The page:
The Last Song of Mario Guifarro: Latin America Is Home to Some of the World's Last Great Reserves of Timber, Precious Metals, and Arable Land. as a Resource-Hungry World Turns Its Eyes toward the Region's Riches, Environmental Activists' Effort to Protect Their Communities Are Cost Them Their Lives

By Kryt, Jeremy | Earth Island Journal, Winter 2012 | Go to article overview

The Last Song of Mario Guifarro: Latin America Is Home to Some of the World's Last Great Reserves of Timber, Precious Metals, and Arable Land. as a Resource-Hungry World Turns Its Eyes toward the Region's Riches, Environmental Activists' Effort to Protect Their Communities Are Cost Them Their Lives


Kryt, Jeremy, Earth Island Journal


[ILLUSTRATION OMITTED]

IN EARLY SEPTEMBER 2007, in defiance of multiple death threats from illegal loggers who opposed their mission, a GPS mapping team made its way by motorized canoe down the Patuca River and into the remote and lawless Tawahka Asongni Biosphere Reserve of Honduras. The Tawahka is one of several linked parks and reserves in the region generally known as Moskitia, a vast swath of savannah and rainforest that takes up most of eastern Honduras and Nicaragua. It is one of the wildest areas left on earth--a sparsely settled wilderness beyond the rule of law. In Moskitia crimes often go unsolved and wanted men can disappear with ease, as the Tawahka team would ultimately learn.

The expedition planned to erect a series of GPS markers in the Tawahka Reserve that would help the Honduran government establish a protected zone in Moskitia, which has been battered by illegal logging. According to the US-based Environmental Investigation Agency, Honduras suffers from one of the highest deforestation rates in the world. From 1990 to 2010 Honduras lost an average of 363,584 acres of trees per year, more than a third of its total forest cover. Much of the logging has been done illegally, the trees cut without permits in the frontier-like stretches of Moskitia, where black-market timber syndicates have free range.

In order to slow the rate of illegal logging, the 2007 mapping team was on a two-part mission. First, they would estabfish and demarcate a zona nuclea, a protected, logging-free zone that encompassed the heart of the Tawahka Reserve. The second phase consisted of training and equipping the local Indigenous inhabitants of the deep forest with GPS technology, so that they could accurately track the whereabouts of illegal loggers operating in their midst and then report them to national law enforcement authorities.

Word of the team's mission had leaked out and the expedition was attracting unwanted attention even before it left the mountain town of Catacamas. Several team members had received phone calls or letters warning them that they would be killed if the expedition went ahead. It was widely assumed that the threats had come from people connected to the illegal logging syndicates, which are feared in the hinterlands, and so big and powerful as to cost Honduras up to 6 percent of its GDP each year in lost timber revenues. In the face of the threat from the timber barons, the team sought safety in numbers. It would travel in a small flotilla of canoes that carried more than 30 workers and researchers and would be guarded by a small contingent of armed Honduran soldiers.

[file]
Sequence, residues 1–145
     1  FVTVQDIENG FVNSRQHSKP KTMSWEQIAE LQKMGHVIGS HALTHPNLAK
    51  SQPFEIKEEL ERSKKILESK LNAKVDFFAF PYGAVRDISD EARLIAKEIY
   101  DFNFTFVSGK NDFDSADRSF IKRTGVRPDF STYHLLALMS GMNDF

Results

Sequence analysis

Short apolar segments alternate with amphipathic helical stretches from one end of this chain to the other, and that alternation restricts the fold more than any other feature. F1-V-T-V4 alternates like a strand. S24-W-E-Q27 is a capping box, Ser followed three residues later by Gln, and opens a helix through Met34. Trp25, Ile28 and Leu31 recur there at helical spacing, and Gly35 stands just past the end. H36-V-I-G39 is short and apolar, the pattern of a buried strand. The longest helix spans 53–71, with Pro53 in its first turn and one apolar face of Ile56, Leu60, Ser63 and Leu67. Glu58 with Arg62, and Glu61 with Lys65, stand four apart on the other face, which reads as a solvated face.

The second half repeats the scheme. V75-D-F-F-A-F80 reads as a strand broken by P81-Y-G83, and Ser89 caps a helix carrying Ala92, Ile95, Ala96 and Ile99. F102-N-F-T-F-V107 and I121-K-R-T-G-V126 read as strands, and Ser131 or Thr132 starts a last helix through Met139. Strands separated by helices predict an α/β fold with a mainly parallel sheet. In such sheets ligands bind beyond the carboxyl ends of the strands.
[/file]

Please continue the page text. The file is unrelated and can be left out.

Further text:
Then there was the expedition's leader Mario Guifarro. A compact, muscular man of Mestizo descent who wore a .357 revolver in an old army holster and insisted on lugging his guitar through the jungle, Guifarro was locally famous as a tracker, guide, and all-around wilderness savant. "Don Mario knew the country better than anybody," says Donald Flores, program coordinator for the Institute for Cooperation and Self-Development (ICADE), the Honduras-based NGO that, along with several European partners, had backed Guifarro's mapping expedition. "He spoke the languages of the Indigenous people, and he understood their cultures. He could live in the rainforest with nothing but a machete, and he knew what plants to eat, and which ones to use for medicine."

Flores had been working on conservation-related projects with the Flamenco-playing, jaguar-tagging Guifarro since 1998, and he knew that Guifarro's reputation for bravery had made him a target for the logging companies. "[Guifarro] was a leader who generated respect in the field because he worked so hard and led by example," Flores said recently during an interview at the ICADE office in Catacamas, in the mountainous Olancho region of Honduras. Flores himself has been threatened many times. In 2006 he suffered an assassination attempt during which he was shot six times from close range. …

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The Last Song of Mario Guifarro: Latin America Is Home to Some of the World's Last Great Reserves of Timber, Precious Metals, and Arable Land. as a Resource-Hungry World Turns Its Eyes toward the Region's Riches, Environmental Activists' Effort to Protect Their Communities Are Cost Them Their Lives
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